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Terrific New Books and Children's Book Illustrators You'll Love - 4/28/2020


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For the first time, Curtis “50 Cent” Jackson opens up about his amazing comeback—from tragic personal loss to thriving businessman and cable’s highest-paid executive—in this unique self-help guide, Hustle Harder, Hustle Smarter, his first since his blockbuster New York Times bestseller The 50th Law.


For children’s picture books, art sells the book. When an adult is in a store browsing for books to be read to a child. The art is what initially gets the shopper’s attention. Once they pick up a book and flip through the pages the art is as important as the text in getting the customer to buy the book.

Children, too young to read, are moved by the art too. Great artwork communicates in ways mere words cannot. I recall quite vividly the first time seeing the book, A Snowy Day by Ezra Jack Keats. As a little boy, I recalled being excited when seeing Keats’ book for the first time – a little boy, about my age, in an urban setting who looked like me! Art is powerful. The importance of seeing yourself reflected in the artwork of picture books cannot be understated. Learn who five of my favorite children book illustrators are at Black Art in America (BAIA)  ▶


We maintain a list of recently published and soon to be published books we think you’ll enjoy  Here are a few.


The Business of Lovers by Eric Jerome Dickey

All is fair in love and lust in AALBC and New York Times bestselling author Eric Jerome Dickey’s tale of two brothers, four women, and the business of desire.

Unlike their younger brother, André, whose star as a comedian is rising, neither Dwayne nor Brick Duquesne is having luck with his career—and they’re unluckier still in love. Former child star Dwayne has just been fired from his latest acting role and barely has enough money to get by after paying child support to his spiteful former lover, while Brick struggles to return to his uninspiring white-collar job after suffering the dual blows of a health emergency and a nasty breakup with the woman he still loves.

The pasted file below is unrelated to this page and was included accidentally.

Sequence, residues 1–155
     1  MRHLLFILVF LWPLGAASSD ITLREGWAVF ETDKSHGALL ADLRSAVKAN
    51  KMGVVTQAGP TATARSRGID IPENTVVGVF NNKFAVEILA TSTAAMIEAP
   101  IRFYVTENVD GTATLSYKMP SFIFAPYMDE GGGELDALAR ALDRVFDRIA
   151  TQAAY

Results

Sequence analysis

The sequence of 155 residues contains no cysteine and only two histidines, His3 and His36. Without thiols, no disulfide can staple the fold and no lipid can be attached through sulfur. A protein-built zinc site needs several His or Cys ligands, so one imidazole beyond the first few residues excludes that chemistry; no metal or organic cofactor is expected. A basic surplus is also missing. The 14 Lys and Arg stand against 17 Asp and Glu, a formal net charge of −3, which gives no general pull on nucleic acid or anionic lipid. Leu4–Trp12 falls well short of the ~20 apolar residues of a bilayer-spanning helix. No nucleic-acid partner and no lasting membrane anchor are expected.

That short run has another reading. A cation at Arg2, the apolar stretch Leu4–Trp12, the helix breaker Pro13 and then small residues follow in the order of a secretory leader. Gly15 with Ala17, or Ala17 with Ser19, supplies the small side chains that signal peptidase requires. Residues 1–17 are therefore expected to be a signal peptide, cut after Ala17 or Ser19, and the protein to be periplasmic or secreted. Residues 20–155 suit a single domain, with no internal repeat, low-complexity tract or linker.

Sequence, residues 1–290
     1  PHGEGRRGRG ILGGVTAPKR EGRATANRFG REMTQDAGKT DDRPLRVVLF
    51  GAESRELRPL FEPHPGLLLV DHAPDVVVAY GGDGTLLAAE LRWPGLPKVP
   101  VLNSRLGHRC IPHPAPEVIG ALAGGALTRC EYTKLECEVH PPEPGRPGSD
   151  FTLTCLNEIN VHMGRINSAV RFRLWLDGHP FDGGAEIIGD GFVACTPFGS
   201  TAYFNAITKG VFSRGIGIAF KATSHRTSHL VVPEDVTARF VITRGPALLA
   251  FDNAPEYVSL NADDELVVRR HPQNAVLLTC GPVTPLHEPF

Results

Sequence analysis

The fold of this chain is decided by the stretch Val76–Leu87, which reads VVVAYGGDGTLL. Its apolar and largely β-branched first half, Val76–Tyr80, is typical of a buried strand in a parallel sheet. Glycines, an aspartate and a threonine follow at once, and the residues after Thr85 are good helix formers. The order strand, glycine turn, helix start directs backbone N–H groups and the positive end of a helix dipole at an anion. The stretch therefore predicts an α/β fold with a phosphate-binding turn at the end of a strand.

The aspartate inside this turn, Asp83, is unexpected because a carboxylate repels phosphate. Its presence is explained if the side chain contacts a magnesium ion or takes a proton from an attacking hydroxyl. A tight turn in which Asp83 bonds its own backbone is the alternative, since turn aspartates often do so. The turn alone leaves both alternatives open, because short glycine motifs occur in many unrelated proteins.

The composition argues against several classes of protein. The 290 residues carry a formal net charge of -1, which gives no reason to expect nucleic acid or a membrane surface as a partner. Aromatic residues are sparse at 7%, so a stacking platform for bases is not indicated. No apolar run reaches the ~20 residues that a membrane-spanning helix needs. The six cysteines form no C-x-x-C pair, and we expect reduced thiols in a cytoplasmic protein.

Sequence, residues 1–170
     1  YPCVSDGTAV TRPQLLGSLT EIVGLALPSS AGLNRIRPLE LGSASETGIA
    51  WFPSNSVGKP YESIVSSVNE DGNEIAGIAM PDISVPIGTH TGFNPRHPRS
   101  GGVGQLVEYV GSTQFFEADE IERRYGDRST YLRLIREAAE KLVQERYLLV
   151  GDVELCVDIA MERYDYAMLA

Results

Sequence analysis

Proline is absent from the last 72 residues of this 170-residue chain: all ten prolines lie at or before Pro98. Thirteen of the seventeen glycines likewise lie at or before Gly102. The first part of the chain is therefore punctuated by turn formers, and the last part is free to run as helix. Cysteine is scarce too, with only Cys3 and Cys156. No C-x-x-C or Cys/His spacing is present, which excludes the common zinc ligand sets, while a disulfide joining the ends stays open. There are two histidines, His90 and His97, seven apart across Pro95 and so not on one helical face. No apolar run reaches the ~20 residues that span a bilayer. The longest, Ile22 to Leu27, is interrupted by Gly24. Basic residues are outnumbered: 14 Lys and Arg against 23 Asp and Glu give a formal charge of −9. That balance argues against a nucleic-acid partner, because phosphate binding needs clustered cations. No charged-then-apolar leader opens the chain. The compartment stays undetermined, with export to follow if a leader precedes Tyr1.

Women of Color in Tech: A Blueprint for Inspiring and Mentoring the Next Generation of Technology Innovators by Susanne Tedrick

”I wrote this book for women of color who may have the spark and curiosity in pursuing a path in tech, but perhaps, may need some guidance and clarity on what a tech career could look like beyond the ones we traditionally associate with the industry. I also wanted to provide actionable and practical steps that they can take now to build their careers, even if that path changes in the future. Finally, I wanted to talk openly on specific issues that may be a challenge for them - bias, imposter syndrome, mental health and lack of strong support systems among a few - and strategies to help navigate them through.”


What a Woman's Gotta Do by Evelyn Coleman

This classic, in 1998, was one of AALBC’s first bestselling books. Republished, in January of 2020 (Simon & Schuster), for a generation of new readers, this suspenseful novel is about Patricia Conley who is trying to find out why her man did her wrong and who did him in, this woman isn’t waiting to exhale—she’s waiting to fight back!

Patricia considers herself to be a brother’s worst nightmare. A lifetime of hurt has made her fierce. A lifetime of victories has made her proud. And a whole lot of hope keeps her going. Now Patricia’s most daring stab at happiness has come up bad: The man she was supposed to marry, Kenneth Lawson, has stood her up. Last seen holding hands with another woman. Still reeling from Kenneth’s disappearance, Patricia is stunned by a series of macabre discoveries. Her car is found bathed in blood. A woman is found dead. And another too-good-to-be-true brother is offering his services. Suddenly the tough-talking Atlanta journalist doesn’t know who to trust… Read Our Review ▶